So, when you’re at work, be productive. You should know what it is you’re expected to do and you should spend your time doing that work to the best of your ability. If you get to the point where you’re not really being mentally stimulated and this is important to you, you can talk to others in the organization about additional work or relocating to another area. This might be identified as cross-training; learning another job in addition to the first one you’ve mastered. This cross-training makes you more of an asset to the organization because you can be pulled from one job to work in another if and when someone is absent or demand for productivity increases in an area outside of your typical job. It can also help make you an asset worth keeping around if and when layoffs occur.

The one person in the organization – any organization by the way, who knows if you’re not working up to your full capabilities is yourself. Now, we all have a day here and there where our minds are elsewhere; we just can’t focus or work near as hard for some reason and as a result our productivity drops. A day here and there is one thing, but if you find those days are becoming more and more frequent – perhaps to the point of becoming the norm, this is a huge sign to change things up. If you read the signs and do something about the situation before others notice, good for you. But if you ignore the warning signs, you might find yourself brought in for a chat about your performance, put on some kind of probation or at worse, released.

As you’re reading this piece on being more than just present at work, is it speaking to you directly? I mean, do you see yourself being described; not really invested in the work anymore, and spending more energy at work trying to look busy than actually being busy? If so, heed the reason behind the symptoms. In other words, it might be time to move on, ask for additional responsibilities or even a change in work completely but remain with the same employer.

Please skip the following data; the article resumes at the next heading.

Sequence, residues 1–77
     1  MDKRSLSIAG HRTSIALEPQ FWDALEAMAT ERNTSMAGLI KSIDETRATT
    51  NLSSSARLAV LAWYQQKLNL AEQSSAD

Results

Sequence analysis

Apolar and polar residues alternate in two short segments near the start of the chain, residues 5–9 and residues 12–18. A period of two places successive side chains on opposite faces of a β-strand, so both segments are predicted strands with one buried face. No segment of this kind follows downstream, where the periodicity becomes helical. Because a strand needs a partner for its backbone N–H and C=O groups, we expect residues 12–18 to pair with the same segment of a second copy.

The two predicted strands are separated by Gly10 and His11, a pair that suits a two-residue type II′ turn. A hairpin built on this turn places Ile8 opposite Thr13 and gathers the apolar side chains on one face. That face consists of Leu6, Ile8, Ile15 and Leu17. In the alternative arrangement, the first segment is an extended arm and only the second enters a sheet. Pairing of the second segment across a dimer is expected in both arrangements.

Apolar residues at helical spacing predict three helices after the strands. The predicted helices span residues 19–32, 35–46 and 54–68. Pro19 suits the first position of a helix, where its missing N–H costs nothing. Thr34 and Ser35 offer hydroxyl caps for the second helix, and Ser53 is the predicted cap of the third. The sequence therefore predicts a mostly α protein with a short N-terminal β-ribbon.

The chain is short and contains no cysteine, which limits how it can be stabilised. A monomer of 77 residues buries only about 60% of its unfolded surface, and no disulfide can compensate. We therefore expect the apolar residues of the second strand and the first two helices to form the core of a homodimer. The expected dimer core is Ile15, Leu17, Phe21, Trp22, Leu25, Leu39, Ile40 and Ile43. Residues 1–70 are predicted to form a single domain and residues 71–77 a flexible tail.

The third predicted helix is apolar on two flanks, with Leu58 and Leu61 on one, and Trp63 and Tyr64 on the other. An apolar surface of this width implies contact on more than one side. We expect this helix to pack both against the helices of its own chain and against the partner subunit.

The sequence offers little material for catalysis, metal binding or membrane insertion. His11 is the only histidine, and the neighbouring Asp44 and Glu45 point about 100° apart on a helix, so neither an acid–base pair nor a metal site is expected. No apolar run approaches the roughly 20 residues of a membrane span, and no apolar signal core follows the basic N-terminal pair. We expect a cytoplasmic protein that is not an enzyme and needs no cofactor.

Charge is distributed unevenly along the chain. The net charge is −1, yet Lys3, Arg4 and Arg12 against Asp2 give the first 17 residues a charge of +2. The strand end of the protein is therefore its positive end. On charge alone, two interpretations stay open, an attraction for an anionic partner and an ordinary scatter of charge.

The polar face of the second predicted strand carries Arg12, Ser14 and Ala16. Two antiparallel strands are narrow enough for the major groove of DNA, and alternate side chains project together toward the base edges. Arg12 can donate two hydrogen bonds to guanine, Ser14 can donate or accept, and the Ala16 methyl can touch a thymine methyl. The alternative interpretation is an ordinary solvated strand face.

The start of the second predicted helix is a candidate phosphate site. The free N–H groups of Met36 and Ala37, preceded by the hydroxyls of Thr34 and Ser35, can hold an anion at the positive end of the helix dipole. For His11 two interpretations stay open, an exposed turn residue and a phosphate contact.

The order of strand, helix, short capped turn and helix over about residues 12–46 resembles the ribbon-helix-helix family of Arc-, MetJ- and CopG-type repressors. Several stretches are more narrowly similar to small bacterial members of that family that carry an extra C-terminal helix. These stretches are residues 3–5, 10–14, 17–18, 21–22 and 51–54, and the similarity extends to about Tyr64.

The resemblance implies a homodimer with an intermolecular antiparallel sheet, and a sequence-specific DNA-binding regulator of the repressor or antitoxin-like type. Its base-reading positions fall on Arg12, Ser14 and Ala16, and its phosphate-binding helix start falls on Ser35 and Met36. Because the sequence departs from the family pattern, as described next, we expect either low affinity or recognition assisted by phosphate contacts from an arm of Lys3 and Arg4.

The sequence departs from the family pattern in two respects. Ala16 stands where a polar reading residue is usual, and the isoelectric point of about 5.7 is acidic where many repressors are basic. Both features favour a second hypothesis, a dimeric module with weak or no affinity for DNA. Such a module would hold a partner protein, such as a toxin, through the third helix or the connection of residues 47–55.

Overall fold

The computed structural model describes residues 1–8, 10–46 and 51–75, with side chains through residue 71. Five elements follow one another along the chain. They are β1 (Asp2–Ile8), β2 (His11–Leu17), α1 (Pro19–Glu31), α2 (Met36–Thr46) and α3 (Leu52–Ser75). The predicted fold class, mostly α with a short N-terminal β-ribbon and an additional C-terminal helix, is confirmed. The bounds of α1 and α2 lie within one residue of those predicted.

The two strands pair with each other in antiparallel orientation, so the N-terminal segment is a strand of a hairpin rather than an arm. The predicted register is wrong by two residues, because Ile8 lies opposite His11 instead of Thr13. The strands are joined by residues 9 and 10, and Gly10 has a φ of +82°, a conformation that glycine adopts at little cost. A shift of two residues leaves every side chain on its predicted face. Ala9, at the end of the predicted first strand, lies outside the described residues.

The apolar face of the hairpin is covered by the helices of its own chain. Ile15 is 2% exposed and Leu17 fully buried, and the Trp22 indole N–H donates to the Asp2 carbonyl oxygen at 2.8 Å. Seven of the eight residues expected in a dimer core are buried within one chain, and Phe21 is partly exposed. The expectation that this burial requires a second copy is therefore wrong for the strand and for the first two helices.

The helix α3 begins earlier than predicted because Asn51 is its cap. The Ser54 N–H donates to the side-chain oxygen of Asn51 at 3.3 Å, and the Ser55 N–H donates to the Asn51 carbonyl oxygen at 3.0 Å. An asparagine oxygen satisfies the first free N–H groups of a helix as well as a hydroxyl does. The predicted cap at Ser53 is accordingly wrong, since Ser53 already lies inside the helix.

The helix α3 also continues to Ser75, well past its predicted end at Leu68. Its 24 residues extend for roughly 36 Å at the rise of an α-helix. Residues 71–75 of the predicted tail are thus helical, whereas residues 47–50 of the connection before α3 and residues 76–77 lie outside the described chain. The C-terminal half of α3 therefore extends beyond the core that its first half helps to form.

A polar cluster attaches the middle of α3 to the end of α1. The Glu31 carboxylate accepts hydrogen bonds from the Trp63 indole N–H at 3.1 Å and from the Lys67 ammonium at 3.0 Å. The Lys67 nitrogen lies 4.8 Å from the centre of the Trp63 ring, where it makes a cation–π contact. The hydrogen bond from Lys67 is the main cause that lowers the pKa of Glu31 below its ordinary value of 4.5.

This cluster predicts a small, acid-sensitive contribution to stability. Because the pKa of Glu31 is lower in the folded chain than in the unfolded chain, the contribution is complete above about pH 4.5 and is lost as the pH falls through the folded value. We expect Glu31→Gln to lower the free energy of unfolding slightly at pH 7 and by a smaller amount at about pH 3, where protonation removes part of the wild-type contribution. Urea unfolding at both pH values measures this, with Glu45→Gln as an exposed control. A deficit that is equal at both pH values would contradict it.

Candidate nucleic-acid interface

Continuing to miss or waste time at work is a warning sign you can’t afford to ignore.

 

“There’s A Dead Guy In The Cubicle Next To Me!”


“Well okay, he looks dead anyhow; I haven’t seen him move for days.”

You and I had best hope that dead body look-alike someone is frantic about isn’t you. If so, your days might be numbered. Sooner or later, if you’re hiding out behind that baffle board doing precious little, someone is going to figure they can do without you on the payroll.

Now okay you might not be mistaken for a corpse, but if you think you’re fooling those around you when you’re not being productive, it’s only a matter of time until you’re found out and your productivity is called into question. The cobwebs in your cubicle are also a dead giveaway that not much is going on.

Some employees are pretty good at smoke and mirrors aren’t they? I mean they tend to move with purpose when they are observed walking around the office; even if upon further inspection it’s only to the bathroom or the company kitchen to grab yet another coffee. Once back in the relative sanctity of their cubicle however, they drop the façade and move at a glacial snails pace as they go about their day. Such employees do just enough to get by, contribute very little and try to stay beneath the radar of Management scrutiny until they are released into the world after work.